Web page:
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That may be true, but if the finance company tell you that change A has reduced their rate of return by £B and that this will cost you an extra £C, you would have difficulty proving them wrong.
You would never be given the opportunity to prove them wrong: you have signed away your rights...
 

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You could probably get it removed as an unfair contract term due to its vagueness. They would need to have given specific examples such as if vat rate changed, or if a Corp tax change happened. As it stands, they could charge you for the profit reduction due to the Minimum Wage rising in April.
 
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You would never be given the opportunity to prove them wrong: you have signed away your rights...
The contract states "if they have made a mistake" which you would have prove. Certainly something that would put me off anyway.
 

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It's fair enough that they protect themselves against a significant change to the treatment of capital allowances and VAT, as those are critical to the way lease contracts are calculated. I don't think they're getting out of the commercial risk about the proceeds of sale, just a change in tax that affected it (the VAT second-hand margin scheme being scrapped, for example). But it is a bit sweeping, eg on corporation tax charges. I'd also question whether it is an unfair term - that would certainly put the boot back on the other foot if challenging them. I'd only do it if they were picking up on something like the Corporation Tax change, though.
 

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It's fair enough that they protect themselves against a significant change to the treatment of capital allowances and VAT, as those are critical to the way lease contracts are calculated. I don't think they're getting out of the commercial risk about the proceeds of sale, just a change in tax that affected it (the VAT second-hand margin scheme being scrapped, for example). But it is a bit sweeping, eg on corporation tax charges. I'd also question whether it is an unfair term - that would certainly put the boot back on the other foot if challenging them. I'd only do it if they were picking up on something like the Corporation Tax change, though.
Wether the clause is weird or normal in some ways is not the point. Presumably the OP can walk away if not happy with the proposed liabilities.
 

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You can always walk away, but it depends what other options are open to you. I'm lucky enough to be at a stage where I'm buying outright for cash these days, but that wasn't always the case. It's not the sort of contract where you can negotiate the removal of a clause you don't like.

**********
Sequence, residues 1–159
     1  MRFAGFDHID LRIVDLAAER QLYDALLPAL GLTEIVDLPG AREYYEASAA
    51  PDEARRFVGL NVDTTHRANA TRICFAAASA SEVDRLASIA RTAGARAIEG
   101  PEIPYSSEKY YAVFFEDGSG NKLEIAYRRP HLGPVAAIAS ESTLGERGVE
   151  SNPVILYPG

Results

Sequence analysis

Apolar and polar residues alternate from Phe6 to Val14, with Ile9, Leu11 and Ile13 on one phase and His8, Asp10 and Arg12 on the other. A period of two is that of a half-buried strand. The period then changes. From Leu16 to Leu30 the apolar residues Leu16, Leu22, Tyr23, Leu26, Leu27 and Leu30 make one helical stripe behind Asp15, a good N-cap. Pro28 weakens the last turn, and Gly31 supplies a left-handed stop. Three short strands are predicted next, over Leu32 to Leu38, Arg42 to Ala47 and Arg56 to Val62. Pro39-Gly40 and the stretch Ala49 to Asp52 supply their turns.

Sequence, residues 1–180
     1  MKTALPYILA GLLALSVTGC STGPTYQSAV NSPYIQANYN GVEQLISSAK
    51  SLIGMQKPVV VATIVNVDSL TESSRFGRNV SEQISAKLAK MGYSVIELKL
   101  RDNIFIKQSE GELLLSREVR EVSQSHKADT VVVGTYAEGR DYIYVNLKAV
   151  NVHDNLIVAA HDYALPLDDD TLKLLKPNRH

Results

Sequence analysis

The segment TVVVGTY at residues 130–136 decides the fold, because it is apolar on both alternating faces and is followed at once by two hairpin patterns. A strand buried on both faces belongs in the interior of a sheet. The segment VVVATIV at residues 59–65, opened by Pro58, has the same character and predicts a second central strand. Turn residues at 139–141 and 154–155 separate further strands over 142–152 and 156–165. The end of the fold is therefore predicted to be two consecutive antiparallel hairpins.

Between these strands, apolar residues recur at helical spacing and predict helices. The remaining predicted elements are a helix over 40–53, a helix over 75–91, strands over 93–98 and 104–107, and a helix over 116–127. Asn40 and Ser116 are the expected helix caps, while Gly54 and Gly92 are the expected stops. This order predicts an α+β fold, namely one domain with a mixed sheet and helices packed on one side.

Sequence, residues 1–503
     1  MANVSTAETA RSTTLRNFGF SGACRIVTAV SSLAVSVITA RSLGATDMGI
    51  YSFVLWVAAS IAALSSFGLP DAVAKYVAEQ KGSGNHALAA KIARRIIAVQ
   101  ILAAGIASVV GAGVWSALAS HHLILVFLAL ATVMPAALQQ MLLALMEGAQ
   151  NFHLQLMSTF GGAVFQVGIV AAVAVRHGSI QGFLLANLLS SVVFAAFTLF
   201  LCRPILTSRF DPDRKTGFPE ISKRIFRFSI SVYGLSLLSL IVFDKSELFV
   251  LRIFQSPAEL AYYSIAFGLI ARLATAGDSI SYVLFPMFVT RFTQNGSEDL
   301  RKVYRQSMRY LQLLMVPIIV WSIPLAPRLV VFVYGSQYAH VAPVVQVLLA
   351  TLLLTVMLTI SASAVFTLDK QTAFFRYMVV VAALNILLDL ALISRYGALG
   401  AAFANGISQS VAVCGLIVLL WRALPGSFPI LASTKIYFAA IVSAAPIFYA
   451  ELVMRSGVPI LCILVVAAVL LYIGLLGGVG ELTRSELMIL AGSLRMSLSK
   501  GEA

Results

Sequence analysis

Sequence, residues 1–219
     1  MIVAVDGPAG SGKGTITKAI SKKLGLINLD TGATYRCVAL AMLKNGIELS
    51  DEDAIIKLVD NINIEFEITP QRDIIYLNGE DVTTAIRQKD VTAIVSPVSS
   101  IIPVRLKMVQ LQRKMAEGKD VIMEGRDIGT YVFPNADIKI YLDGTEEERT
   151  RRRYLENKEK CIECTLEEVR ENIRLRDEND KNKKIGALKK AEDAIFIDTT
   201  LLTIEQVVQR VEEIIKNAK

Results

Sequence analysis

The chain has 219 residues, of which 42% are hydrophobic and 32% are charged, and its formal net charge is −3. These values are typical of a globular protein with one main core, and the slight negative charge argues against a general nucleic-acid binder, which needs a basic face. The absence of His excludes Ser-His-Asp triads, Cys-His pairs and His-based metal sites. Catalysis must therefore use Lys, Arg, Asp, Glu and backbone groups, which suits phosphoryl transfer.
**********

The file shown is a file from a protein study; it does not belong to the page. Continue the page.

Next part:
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But this it what it says in the OP

"...there is a reduction in our after tax rate of return on the funds from time to time invested in this Agreement or a reduction in the net proceeds of sale....."

Have I interpreted that wrong?
 

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Discussion Starter · #17 ·
Thanks all, I'll catch up later and answer the queries.

The 'proceeds of sale' thing made me wonder if it's a cut-n-paste error from a PCP contract. The clause is far too open-ended to agree to, so I will have to ask them directly, and push them to be specific.
 

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But this it what it says in the OP

"...there is a reduction in our after tax rate of return on the funds from time to time invested in this Agreement or a reduction in the net proceeds of sale....."

Have I interpreted that wrong?
The whole thing is dependent on there being a change in tax that has caused it, though. I think the reference to net proceeds of sale is there precisely because it's the ex VAT price that they are concerned with, and if the resale value stays the same but the VAT went up their calculations would be adrift. So they aren't getting out of the commercial risk that the car might not be worth as much as expected second hand, they are getting out of any risk that the proportion lost in tax would change.
 

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When a clause like that has any element of uncertainty, it has to be clarified in writing. As it stands they just have to say some change which includes "the net proceeds of sale" will cause your payments to increase. Your only get out is if they have made a mistake which you would have to prove. I am not saying your interpretation is wrong, just that the wording could mean something different.